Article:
Leanne and Steve will receive devastating news when their three-year-old son Oliver is diagnosed with a life-threatening illness.
Oliver was rushed to hospital last month after having a seizure, which doctors put down to a febrile convulsion – a type of fit common in children who are running a fever. There are usually no long-term adverse effects from febrile convulsions with most infants returning to normal soon afterwards.
Sadly, for Steve (Simon Gregson) and Leanne (Jane Danson), Oliver’s condition is much more serious with another seizure this week leading to a diagnosis of a Mitochondrial disorder.
“This is a story about a family coming to terms with the most difficult news anyone can face and the ways in which this strengthens and shatters relationships in unpredictable ways. Above all, we wanted to do justice to the stories of the many thousands of families who have to deal with diagnoses similar to Oliver’s, be it a mitochondrial disorder or another life-limiting condition. It is something that, as a society, we find difficult to talk about but which is all too common. The taboo around these illnesses can mean awareness is low, which means funding for research is low. Aside from telling a brilliant, moving and emotionally complex story, we really hope to draw attention to this subject to change this situation for the better.” – Iain MacLeod, Coronation Street producer
Mitochondrial disease – or ‘mito’ – is the term given to a group of disorders caused by mutations in mitochondria, the tiny organelles that are present in nearly every cell in our bodies and which generate about 90% of the energy we need to live.
Cells cannot function properly without healthy mitochondria, so when they fail the consequences can be serious and wide-ranging. Mitochondrial diseases affect people in multiple ways, depending on which cells are affected. This can make the condition hard to diagnose, as symptoms often resemble those of other serious illnesses.
The team at Coronation Street researched the storyline thoroughly before committing to script, working with The Lily Foundation charity which funds research into mitochondrial disease. The long-running ITV soap also sought the advice of professor Robert McFarland from the Wellcome Centre for Mitochondrial Research in Newcastle.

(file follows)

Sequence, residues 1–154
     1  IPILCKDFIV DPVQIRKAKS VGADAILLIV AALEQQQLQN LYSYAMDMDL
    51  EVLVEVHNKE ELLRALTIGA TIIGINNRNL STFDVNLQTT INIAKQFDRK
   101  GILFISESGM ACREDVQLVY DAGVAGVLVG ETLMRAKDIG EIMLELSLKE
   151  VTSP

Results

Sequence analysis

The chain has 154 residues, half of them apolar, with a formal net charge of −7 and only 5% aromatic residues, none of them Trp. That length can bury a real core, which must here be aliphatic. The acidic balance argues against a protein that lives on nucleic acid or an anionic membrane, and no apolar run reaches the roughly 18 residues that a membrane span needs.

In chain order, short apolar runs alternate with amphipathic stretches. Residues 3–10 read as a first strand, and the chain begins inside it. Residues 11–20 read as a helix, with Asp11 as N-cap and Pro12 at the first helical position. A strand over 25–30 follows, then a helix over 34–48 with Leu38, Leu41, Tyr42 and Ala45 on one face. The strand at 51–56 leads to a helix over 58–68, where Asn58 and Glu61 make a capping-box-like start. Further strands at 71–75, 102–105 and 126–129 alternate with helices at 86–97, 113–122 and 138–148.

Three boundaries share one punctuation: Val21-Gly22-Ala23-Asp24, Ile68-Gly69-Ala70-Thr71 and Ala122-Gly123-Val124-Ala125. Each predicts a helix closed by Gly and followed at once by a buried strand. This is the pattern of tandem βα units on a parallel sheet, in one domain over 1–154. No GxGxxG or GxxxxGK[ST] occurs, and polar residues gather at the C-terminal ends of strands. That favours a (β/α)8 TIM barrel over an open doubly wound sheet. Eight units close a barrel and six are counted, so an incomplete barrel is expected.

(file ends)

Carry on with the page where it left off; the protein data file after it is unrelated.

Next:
“All of us at The Lily Foundation are excited to be working with Coronation Street on a storyline about a child with a mitochondrial disorder, and grateful to the show for highlighting an issue that affects hundreds of families in the UK.” – Liz Curtis, CEO and co-founder of The Lily Foundation
In the months to come Leanne and Steve will be forced to come to terms with the heartbreaking diagnosis which will leave Oliver with a life limiting illness for which there is currently no cure.
“We’ve worked closely with Liz Curtis at The Lily Foundation. It was harrowing hearing the story of what happened to her daughter Lily but also really amazing to hear how people come through this, how they support each other and learn to live again. I’ve also read a lot of literature about how families cope around their children’s diagnosis with life limiting illnesses, looking at the human elements to their stories amidst all the medical speak and hoping I can get it right. It is quite overwhelming, I’ve been so lucky to have so many stories with Leanne over the last 20 odd years but this one feels different, this one could really break her and it feels like it’s the one where I’ve got the most responsibility to get it right.” – Jane Danson
Professor Robert McFarland praised Coronation Street for tackling the storyline noting that “the attention that this focus brings on rare, inherited and life-limiting conditions is not only welcome, but vital, if we are to succeed in supporting individuals and their families and to find effective treatments.”
If you are affected or are living with someone who has a mitochondrial disease, for information about the disease and the support available please visit www.thelilyfoundation.org.uk